As a passion project, Carol could only do so much. After first getting the green light from BOTM Global, she proceeded to print the first batch of stickers. Social media played a role even in picking out the design of the sticker at this point.
"From the beginning, I started with social media channels and I printed lots of stickers that said 'FREE BOOKS ON THE MOVE' and I distributed the stickers to volunteers and to people who were interested to share their books.
"I call them book ninjas: they get the stickers, put it on books and hide their books somewhere; in a cafe or train station and share the photo of the hidden book online. Then we used the hashtag #takereadreturn to keep the movement going," says Carol.
Using the hashtag, Carol was able to track what books had been donated, and what books had been found by happy readers around Malaysia. From Kota Kinabalu to Penang, her little sticker and the hashtag was making its rounds, and a small community of book lovers was rallying around her.
At this time, Carol was not only printing the stickers; she was receiving book donations, tagging them, hiding them, and also planning the next phase for BOTM all on her own.
She wanted a book swap area in train stations, but as a non-profit, she couldn't rely on her money alone to get the project off the ground. A few sponsors had helped her with the cost of printing the stickers along the way, one being CzipLee who printed the first few batches of stickers, and KAMI Design Co who designed the second batch of stickers and changed the format of the stickers from a circle to a square.
Carol suspects that her online movement is now responsible for at least 1,000 books out in the wild ready to be found.
Teamwork Makes The Dream Work
The Pasar Seni Library is the only outdoor library open to the public.
In July 2017, Carol applied for a grant from Think City, an organisation that has worked on rejuvenation projects in cities across Malaysia.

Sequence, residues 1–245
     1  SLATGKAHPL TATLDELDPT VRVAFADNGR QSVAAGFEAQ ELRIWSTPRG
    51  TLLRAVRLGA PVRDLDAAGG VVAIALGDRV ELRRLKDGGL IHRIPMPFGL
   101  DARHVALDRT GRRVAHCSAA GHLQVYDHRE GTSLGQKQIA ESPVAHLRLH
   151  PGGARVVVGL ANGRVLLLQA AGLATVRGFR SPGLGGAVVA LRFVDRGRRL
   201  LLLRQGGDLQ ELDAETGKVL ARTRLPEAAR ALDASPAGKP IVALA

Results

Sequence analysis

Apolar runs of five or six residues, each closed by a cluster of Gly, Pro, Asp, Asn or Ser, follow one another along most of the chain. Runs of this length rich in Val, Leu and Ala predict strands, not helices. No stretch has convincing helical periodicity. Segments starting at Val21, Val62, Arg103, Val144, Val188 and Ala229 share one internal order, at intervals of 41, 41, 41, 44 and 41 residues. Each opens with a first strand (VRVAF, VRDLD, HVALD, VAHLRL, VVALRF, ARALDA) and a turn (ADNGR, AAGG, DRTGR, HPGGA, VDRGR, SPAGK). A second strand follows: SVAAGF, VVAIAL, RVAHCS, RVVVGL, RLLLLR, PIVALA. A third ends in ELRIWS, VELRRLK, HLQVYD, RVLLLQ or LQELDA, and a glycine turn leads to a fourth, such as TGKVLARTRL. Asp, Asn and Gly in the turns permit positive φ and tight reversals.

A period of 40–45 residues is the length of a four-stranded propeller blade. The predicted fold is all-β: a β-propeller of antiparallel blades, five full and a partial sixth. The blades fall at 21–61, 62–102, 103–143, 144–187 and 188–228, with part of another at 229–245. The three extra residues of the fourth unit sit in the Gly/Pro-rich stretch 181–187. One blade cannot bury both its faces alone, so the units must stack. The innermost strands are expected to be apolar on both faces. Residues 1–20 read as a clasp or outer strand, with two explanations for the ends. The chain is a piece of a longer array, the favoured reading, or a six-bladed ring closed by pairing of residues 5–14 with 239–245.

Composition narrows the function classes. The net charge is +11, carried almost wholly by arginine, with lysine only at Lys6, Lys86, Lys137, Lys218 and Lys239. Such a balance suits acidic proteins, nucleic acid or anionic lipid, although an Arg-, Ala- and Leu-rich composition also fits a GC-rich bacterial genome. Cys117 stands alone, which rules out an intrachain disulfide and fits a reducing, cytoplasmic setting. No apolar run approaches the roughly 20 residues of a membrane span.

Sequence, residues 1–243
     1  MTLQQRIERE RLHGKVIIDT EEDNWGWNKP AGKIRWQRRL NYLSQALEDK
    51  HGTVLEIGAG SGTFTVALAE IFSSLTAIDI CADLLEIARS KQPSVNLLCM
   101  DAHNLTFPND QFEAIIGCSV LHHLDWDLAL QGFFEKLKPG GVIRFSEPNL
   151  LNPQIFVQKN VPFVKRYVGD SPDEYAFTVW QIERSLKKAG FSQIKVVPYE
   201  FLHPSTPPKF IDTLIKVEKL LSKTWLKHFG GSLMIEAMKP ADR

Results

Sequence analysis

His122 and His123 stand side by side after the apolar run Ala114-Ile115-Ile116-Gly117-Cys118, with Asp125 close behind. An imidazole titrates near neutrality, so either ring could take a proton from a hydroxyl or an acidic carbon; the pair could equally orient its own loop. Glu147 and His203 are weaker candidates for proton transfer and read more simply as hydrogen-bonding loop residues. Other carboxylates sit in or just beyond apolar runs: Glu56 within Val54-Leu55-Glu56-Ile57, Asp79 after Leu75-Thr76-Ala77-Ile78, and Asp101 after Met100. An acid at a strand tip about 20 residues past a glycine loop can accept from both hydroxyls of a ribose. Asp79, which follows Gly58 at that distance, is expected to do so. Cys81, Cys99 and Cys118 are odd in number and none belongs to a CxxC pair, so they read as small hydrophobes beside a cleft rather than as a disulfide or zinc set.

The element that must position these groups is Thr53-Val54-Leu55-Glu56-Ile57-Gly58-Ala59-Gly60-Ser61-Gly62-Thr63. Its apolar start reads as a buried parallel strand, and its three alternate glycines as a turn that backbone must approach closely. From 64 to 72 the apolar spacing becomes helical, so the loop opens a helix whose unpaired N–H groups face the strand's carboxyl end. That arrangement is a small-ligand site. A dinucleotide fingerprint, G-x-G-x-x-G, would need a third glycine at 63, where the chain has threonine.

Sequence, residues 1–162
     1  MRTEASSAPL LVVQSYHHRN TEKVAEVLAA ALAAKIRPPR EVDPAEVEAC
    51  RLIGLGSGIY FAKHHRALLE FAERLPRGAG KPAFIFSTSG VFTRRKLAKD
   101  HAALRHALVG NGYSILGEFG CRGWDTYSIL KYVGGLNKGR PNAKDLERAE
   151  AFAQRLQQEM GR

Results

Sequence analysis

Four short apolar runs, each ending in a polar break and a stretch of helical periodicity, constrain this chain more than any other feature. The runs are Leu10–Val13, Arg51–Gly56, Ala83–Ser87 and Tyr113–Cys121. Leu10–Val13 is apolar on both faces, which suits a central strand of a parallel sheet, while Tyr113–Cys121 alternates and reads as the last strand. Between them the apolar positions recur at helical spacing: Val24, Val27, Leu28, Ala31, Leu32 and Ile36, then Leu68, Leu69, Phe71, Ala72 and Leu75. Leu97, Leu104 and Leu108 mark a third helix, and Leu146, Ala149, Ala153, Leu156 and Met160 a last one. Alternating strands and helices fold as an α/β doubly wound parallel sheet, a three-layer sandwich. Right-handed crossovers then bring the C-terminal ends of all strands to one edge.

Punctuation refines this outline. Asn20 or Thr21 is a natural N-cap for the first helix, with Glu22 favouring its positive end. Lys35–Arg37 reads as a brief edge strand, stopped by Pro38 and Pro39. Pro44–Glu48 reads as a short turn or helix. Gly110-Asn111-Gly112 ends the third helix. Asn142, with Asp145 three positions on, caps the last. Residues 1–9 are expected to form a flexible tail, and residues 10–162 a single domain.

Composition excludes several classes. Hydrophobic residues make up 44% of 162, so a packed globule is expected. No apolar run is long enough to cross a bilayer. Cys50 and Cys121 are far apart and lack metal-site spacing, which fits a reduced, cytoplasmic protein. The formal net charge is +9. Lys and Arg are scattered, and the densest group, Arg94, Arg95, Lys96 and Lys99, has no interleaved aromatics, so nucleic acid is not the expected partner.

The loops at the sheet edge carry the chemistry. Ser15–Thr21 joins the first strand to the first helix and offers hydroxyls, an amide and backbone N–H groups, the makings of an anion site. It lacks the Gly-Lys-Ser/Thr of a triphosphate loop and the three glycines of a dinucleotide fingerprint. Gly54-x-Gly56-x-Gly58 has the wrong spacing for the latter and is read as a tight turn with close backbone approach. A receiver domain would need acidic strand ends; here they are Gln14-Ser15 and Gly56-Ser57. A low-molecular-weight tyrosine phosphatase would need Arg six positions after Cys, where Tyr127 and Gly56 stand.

If you've been to Art Printing Works in Bangsar, you would have noticed pockets of parks around the campus. That was a collaboration with Think City as a part of Projek Poket Pokok.
"I do realise that to do something of this scale, I really needed to pull in different partners, not just industrial partners, but people like Think City who are experienced in urban regeneration. So they helped me in terms of an advisory role to tell me what they think will work and what won't and also getting the community involved.
"So I'll say [my role is that] I'm driving the project and driving different parts of the community to be part of it. So that it eventually will become a project by the community for the community," says Carol.
After securing the seed fund and support from Think City, the project moved on to prototyping of the library.
"We started doing lots of workshops with students to get students involved in the design."
All three libraries have all the names of the students involved in building them
She got in touch with Biji Biji to be a partner for the project. Biji Biji is a social enterprise with a mission of reducing waste – that's why all of the libraries were designed using recycled materials.
But to take it further, and involve the community, Carol had to get Youth Made Malaysia and the Malaysian Institue of Art on board. YMM is part of Youth Made Initiative whose mission is to bring creativity and practical skills to students while MIA is a non-profit organisation that trains creative professionals.